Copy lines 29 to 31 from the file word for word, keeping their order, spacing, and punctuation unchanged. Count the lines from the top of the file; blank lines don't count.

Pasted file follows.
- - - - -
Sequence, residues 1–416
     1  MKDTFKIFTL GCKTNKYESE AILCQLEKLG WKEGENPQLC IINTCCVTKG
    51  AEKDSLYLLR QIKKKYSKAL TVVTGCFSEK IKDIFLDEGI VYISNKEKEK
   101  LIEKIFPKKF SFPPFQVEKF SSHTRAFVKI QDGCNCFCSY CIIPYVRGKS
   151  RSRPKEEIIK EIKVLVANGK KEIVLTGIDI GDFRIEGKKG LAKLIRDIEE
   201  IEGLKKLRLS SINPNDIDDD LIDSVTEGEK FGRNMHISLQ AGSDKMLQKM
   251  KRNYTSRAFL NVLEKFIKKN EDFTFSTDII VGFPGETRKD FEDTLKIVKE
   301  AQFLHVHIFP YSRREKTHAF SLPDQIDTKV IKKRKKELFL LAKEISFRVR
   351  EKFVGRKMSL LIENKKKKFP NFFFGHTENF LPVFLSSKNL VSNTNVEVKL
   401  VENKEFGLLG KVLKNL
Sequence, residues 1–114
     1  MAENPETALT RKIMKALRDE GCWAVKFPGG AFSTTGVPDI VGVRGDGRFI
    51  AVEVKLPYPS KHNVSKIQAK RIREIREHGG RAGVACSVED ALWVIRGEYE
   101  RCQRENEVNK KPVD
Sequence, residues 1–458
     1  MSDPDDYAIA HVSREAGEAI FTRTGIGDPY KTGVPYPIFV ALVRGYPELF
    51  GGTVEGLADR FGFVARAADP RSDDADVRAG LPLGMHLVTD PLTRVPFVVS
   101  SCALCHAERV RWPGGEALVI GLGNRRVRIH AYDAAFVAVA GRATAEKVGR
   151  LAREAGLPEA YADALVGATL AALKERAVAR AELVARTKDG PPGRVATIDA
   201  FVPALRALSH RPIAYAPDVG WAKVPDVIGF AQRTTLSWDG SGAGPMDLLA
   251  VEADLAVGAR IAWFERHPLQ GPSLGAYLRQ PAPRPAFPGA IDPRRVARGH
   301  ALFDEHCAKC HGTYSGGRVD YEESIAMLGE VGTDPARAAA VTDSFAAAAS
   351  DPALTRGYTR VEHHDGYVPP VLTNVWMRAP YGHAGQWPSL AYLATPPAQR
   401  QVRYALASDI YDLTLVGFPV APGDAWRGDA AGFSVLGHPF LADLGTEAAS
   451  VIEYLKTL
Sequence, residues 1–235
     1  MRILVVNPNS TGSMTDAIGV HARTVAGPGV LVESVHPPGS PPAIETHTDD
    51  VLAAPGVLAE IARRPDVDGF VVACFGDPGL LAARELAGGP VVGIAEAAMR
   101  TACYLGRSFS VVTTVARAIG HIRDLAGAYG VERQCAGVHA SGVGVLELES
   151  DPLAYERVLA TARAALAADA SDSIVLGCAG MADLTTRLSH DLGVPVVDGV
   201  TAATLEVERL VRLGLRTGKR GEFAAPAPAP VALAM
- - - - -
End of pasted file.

   101  TACYLGRSFS VVTTVARAIG HIRDLAGAYG VERQCAGVHA SGVGVLELES
   151  DPLAYERVLA TARAALAADA SDSIVLGCAG MADLTTRLSH DLGVPVVDGV
   201  TAATLEVERL VRLGLRTGKR GEFAAPAPAP VALAM